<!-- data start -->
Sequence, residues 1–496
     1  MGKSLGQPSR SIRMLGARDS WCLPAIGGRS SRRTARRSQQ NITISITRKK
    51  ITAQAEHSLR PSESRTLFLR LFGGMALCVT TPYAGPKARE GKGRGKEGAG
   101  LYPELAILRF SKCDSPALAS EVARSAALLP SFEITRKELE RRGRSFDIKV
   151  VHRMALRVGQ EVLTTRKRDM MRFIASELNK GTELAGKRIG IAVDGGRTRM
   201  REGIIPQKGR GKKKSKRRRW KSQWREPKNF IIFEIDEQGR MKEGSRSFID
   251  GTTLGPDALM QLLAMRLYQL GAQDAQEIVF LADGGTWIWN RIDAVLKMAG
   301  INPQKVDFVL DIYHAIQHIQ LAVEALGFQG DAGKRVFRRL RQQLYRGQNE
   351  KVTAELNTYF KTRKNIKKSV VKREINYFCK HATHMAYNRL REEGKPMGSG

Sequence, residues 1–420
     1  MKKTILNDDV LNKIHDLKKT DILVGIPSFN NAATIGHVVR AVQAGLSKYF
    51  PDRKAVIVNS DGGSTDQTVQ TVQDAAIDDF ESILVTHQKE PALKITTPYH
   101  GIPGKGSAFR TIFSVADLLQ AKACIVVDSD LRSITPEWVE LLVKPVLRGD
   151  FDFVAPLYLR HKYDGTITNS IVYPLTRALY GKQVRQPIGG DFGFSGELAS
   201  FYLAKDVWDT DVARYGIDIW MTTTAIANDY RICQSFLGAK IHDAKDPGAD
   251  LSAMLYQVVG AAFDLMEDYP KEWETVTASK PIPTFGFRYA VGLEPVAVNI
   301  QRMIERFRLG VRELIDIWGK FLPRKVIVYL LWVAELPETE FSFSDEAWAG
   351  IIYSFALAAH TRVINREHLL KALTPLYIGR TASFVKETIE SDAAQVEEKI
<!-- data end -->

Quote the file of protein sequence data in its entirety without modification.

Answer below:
Sequence, residues 1–496
     1  MGKSLGQPSR SIRMLGARDS WCLPAIGGRS SRRTARRSQQ NITISITRKK
    51  ITAQAEHSLR PSESRTLFLR LFGGMALCVT TPYAGPKARE GKGRGKEGAG
   101  LYPELAILRF SKCDSPALAS EVARSAALLP SFEITRKELE RRGRSFDIKV
   151  VHRMALRVGQ EVLTTRKRDM MRFIASELNK GTELAGKRIG IAVDGGRTRM
   201  REGIIPQKGR GKKKSKRRRW KSQWREPKNF IIFEIDEQGR MKEGSRSFID
   251  GTTLGPDALM QLLAMRLYQL GAQDAQEIVF LADGGTWIWN RIDAVLKMAG
   301  INPQKVDFVL DIYHAIQHIQ LAVEALGFQG DAGKRVFRRL RQQLYRGQNE
   351  KVTAELNTYF KTRKNIKKSV VKREINYFCK HATHMAYNRL REEGKPMGSG

Sequence, residues 1–420
     1  MKKTILNDDV LNKIHDLKKT DILVGIPSFN NAATIGHVVR AVQAGLSKYF
    51  PDRKAVIVNS DGGSTDQTVQ TVQDAAIDDF ESILVTHQKE PALKITTPYH
   101  GIPGKGSAFR TIFSVADLLQ AKACIVVDSD LRSITPEWVE LLVKPVLRGD
   151  FDFVAPLYLR HKYDGTITNS IVYPLTRALY GKQVRQPIGG DFGFSGELAS
   201  FYLAKDVWDT DVARYGIDIW MTTTAIANDY RICQSFLGAK IHDAKDPGAD
   251  LSAMLYQVVG AAFDLMEDYP KEWETVTASK PIPTFGFRYA VGLEPVAVNI
   301  QRMIERFRLG VRELIDIWGK FLPRKVIVYL LWVAELPETE FSFSDEAWAG
   351  IIYSFALAAH TRVINREHLL KALTPLYIGR TASFVKETIE SDAAQVEEKI